However, at least there are three other causes of reverse sneezing that are often forgotten.
Diet and reverse sneezing
When I was a teenager, I suffered from such severe pollen allergies that I couldn’t breathe through my nose for six months of the year. Just try holding your nose for a few seconds and then imagine that feeling lasting for six months!! Most of the time I felt exhausted and sick. But in my early 20s, I came across articles and books suggesting that our diet has a huge impact on environmental allergies, and that grains, dairy and sugar have a particularly strong effect.
I made a few diet changes and reduced wheat and milk (not stopped completely) and my allergies miraculously disappeared.
Our dogs respond similarly to some type of inappropriate diet made from highly processed ingredients. Their nasal passages become clogged and swollen and the likelihood of reverse sneezing increases dramatically.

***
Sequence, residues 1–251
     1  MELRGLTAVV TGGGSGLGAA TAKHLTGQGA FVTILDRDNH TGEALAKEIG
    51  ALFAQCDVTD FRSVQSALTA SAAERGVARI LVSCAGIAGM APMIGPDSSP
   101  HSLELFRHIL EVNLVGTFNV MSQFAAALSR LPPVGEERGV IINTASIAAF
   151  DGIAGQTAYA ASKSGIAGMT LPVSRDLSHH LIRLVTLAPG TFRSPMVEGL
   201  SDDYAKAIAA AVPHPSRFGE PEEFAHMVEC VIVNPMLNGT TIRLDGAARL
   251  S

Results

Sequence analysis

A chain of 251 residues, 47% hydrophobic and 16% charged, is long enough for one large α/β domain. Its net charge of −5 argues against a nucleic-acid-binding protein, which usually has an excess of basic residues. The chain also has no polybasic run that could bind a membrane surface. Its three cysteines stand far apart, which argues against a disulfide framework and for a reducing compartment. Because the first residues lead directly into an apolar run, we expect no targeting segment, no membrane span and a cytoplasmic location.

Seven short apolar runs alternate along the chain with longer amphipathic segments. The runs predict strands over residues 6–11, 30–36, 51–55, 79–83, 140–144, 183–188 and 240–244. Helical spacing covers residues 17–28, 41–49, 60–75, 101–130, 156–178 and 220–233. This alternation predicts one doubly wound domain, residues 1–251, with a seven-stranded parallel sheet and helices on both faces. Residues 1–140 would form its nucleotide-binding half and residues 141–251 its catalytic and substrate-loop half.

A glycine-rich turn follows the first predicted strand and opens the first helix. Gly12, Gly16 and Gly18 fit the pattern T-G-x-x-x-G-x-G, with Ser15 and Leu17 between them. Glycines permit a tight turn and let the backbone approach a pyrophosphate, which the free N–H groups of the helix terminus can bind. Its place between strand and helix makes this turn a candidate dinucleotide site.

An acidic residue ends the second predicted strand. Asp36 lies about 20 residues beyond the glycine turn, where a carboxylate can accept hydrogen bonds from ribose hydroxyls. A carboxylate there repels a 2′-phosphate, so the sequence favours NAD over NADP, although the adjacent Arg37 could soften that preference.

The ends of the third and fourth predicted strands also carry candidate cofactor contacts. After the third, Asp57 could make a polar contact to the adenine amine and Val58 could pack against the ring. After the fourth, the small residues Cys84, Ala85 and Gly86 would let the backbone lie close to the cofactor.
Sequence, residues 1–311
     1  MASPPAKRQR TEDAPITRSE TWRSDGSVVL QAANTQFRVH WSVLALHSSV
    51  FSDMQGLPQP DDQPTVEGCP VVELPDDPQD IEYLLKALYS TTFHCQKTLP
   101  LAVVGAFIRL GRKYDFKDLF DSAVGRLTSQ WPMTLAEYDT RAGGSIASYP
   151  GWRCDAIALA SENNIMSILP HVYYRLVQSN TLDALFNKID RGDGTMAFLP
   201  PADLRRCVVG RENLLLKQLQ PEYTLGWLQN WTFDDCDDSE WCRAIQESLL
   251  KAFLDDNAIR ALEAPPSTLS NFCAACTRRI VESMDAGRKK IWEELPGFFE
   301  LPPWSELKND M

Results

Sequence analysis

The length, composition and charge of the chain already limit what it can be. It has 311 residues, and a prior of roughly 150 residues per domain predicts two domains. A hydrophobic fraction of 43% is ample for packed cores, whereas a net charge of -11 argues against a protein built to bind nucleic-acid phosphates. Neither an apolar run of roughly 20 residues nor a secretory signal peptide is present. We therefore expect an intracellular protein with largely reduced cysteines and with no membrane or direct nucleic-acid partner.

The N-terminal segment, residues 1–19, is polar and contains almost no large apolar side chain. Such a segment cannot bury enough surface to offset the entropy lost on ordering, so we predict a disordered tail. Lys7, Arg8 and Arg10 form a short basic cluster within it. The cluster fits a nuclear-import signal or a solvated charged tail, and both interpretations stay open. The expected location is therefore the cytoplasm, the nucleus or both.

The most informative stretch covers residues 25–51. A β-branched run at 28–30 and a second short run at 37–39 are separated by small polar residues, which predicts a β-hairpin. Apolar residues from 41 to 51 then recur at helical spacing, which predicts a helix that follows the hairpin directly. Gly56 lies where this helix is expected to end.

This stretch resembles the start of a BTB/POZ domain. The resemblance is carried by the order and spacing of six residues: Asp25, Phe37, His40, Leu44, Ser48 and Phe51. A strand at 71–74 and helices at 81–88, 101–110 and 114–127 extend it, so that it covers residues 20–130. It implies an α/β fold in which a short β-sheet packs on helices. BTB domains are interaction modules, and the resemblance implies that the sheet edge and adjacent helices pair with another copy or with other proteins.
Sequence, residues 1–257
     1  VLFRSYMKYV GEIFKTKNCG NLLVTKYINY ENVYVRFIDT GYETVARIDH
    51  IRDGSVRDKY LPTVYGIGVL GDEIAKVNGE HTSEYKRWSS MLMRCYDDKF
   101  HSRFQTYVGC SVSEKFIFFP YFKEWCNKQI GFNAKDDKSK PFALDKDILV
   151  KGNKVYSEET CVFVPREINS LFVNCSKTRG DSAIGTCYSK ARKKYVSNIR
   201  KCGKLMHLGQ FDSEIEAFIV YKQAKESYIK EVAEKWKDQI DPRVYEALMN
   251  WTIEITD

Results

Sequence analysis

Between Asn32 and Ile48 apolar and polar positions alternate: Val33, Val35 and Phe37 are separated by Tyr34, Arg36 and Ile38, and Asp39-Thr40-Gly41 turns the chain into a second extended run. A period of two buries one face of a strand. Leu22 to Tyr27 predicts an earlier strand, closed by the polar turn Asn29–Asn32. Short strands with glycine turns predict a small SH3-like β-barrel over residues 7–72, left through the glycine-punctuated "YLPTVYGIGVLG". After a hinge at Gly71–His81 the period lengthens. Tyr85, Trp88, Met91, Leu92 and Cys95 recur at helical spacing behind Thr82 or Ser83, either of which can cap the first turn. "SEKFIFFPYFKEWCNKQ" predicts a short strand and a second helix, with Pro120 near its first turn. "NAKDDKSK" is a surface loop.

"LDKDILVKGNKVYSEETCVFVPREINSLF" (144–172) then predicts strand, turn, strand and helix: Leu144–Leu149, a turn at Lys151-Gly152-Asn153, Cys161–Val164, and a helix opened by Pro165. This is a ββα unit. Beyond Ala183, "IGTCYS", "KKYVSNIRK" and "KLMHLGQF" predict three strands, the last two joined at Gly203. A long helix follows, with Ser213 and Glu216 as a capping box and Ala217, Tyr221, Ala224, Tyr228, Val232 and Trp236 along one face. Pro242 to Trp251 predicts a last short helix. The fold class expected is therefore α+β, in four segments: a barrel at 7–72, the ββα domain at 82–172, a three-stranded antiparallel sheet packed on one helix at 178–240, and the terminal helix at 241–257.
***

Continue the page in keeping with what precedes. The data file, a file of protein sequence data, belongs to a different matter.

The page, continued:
That’s why it’s so important to feed a dog with reverse sneezing a raw or cooked diet consisting of meat, vegetables and without dairy or grains.
Side effects of the rabies vaccine
In general, I am a curious person, which means I am constantly looking for connections and patterns that lead me to solutions. Over the years I have noticed one interesting phenomenon: some dogs begin reverse sneezing after a rabies vaccine.
Through studying energy healing and homeopathy I have learned that vaccines can mimic the symptoms of the actual disease in some form. The symptoms of true rabies often cause gagging and sneezing. I remember textbook examples of rabies where a dog was brought in because the guardian thought there was something in its throat, but nothing was found. This is one of the most common symptoms of rabies and may be laryngeal paralysis caused by the rabies virus.
Knowing this, I was surprised that dogs vaccinated against rabies sometimes came back with similar symptoms. Out of curiosity, I gave these patients a homeopathic treatment, Lyssin, and some patients recovered completely from chronic reverse sneezing.
This is especially true for dogs that begin to show symptoms of reverse sneezing within a few weeks of receiving the rabies vaccine.